Open source PowerShell on Windows, Linux, and OS X!
Windows PowerShell is a powerful tool, but it always had one very serious limitation: it was possible to run it only on Windows. There had been several attempts to change that, including projects like Pash. However, without support from PowerShell Team these projects had very little chance of catching up with a platform that was growing with each release of PowerShell on Windows.
Almost two years ago in November 2014 when it was announced that .NET Core will become open source project available for multiple platforms including Linux. Many of the PowerShell enthusiasts started to ask the question: when will the same happen to the Windows PowerShell. Finally, the day has come–August 18, at 11:14 EST! The time picked for that announcement may look odd at first, but it’s not a coincidence. It’s a way to celebrate anniversary of the public release of Windows PowerShell version 1, on 14 November, 2006. PowerShell is not only open source now, it’s also available for multiple platforms, including several Linux distributions. You can clone repository and build it on your own, you can fork it and change it and last but certainly not least – you can fix it yourself! Pull requests will be accepted, with details on how to contribute to this project described directly in documentation provided on project’s GitHub page.
PowerShell on Linux
As you can see this announcement is huge – not only you can freely read and change the code of the PowerShell itself, you can build it and run it almost anywhere. If you want to do just that, you have several packages prepared for different operating systems, including Windows, Linux, and OS X. Packages come with instructions, but these are relatively simple. It all boils down to installing dependencies and the PowerShell package, or just the package itself (if it contains information about dependencies). Installation of CentOS 7.1 requires running single command:
sudo yum install powershell-6.0.0_alpha.9-1.el7.centos.x86_64.rpm
This package has two dependencies (important to know if you want to install PowerShell on the machine that can’t download packages from the external repositories):
PS /home/bielawb> rpm -qR powershell libunwind libicu rpmlib(PayloadFilesHavePrefix) <= 4.0-1 rpmlib(CompressedFileNames) <= 3.0.4-1
Once the PowerShell is installed, you should be able to call it, and start exploring it.
What works and what doesn’t work
What can you expect in Alpha release of PowerShell on Linux? Anything that is related to the core PowerShell functionality works as expected. We have whole group of the object-related commands, we have commands to import, export, and convert multiple file formats. Modules are available and we can create our own modules using PowerShell syntax.
Language constructs work just fine, including configuration (requires PowerShell DSC for Linux to be installed on the same box) and classes. The only exception to this rule is PowerShell Workflow. We can test our code with Pester, we have PSReadLine to make our life easier. We can create instances of .NET Core classes and behavior is similar to the one we have on Windows.
People like me who expect certain Linux commands to be served as aliases pointing to cmdlet that serve similar purpose should be prepared for a little surprise. I know it took me a good few minutes before I figured out that the result of “ls” is different, because PowerShell doesn’t hide the built-in command with an alias. There are two possible solutions to this problem: define the alias yourself, or use other aliases (e.g. “dir” or “gci” for Get-ChildItem).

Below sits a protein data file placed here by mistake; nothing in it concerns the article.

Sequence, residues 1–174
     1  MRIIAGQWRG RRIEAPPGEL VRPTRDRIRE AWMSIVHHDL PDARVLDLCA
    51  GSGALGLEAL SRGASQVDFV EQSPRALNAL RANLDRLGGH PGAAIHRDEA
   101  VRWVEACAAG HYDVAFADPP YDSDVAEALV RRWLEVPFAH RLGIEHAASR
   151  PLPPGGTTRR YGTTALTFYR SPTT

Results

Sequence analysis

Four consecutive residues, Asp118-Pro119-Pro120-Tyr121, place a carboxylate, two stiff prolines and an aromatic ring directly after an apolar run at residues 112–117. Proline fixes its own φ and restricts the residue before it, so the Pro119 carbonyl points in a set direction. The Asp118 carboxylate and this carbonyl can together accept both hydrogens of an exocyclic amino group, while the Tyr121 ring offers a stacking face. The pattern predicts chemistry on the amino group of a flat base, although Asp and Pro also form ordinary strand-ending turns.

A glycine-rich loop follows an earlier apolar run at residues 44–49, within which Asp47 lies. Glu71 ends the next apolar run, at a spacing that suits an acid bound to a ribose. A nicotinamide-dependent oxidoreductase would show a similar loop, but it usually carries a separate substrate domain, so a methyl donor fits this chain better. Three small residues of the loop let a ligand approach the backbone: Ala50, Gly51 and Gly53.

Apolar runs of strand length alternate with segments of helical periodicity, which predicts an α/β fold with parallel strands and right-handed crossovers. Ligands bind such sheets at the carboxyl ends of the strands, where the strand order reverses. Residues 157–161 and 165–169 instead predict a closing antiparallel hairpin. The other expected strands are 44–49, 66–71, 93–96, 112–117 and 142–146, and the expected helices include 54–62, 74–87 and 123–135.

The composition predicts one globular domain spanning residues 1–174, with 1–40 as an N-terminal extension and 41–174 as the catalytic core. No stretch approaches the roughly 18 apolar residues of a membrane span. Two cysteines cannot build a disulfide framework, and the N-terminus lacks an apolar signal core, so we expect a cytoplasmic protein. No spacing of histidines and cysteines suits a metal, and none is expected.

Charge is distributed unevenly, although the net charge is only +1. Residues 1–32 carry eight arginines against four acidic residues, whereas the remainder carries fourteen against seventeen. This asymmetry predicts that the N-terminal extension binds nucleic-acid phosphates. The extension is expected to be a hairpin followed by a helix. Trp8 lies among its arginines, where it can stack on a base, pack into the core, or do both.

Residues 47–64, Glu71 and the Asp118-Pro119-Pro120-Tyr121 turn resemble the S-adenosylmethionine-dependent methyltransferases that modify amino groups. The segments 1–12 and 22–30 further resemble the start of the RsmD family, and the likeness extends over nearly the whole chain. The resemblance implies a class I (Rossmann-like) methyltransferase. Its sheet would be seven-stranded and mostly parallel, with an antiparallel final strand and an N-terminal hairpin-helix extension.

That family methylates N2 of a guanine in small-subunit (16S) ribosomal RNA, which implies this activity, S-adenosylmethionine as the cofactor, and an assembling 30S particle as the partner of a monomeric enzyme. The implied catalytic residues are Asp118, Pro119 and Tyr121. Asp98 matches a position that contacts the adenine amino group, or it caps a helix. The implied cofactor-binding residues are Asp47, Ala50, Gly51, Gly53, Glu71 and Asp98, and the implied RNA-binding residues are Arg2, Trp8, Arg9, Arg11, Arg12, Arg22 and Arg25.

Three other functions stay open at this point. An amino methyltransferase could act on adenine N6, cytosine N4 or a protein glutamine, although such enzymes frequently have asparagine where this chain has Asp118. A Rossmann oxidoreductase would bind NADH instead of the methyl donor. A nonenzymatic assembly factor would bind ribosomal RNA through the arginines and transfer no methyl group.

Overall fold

And of course Linux file systems are case sensitive which PowerShell respects:
Another surprise is a result of presence of PSReadLine module. On Linux, iPSReadLine is using emacs mode by default (so certain key bindings are different than the one used on Windows, others have more Linux-like behavior). Both aliases and PSReadLine configuration can be adjusted using familiar technique – creating PowerShell profile:
PS /home/bielawb> $PROFILE /home/bielawb/.config/powershell/Microsoft.PowerShell_profile.ps1
PowerShell on Linux still have some missing pieces. First of all, most of the cmdlets that depend strongly on the Windows APIs or full version of .NET Framework are not available. For obvious reasons most of the providers do not exist in PowerShell on Linux. Perfect example of that is registry. Another thing that is not working at the time of writing this article is PowerShell jobs. Also CIM cmdlets are absent at this point in time.
PowerShell in action
There are probably a lot of scenarios where PowerShell (even in the current, not fully-baked state) can be useful on Linux. Let me name a few of them.
First of all, there are at least two types of objects on Linux that will behave in a way similar to their behavior on Windows: objects in the file system and processes running on our node. The only difference is a result of differences between systems: existing properties, case in the names of files and folders in the file system and more. But that doesn’t change the fact that reading both disk and list of the processes we will get objects back: objects that we can easily sort, group, filter, or format. For example, to display list of processes that use the most CPU, we can use the same line that would give us that information on Windows:
Get-Process | >> Sort-Object -Property CPU -Descending | >> Select-Object -First 5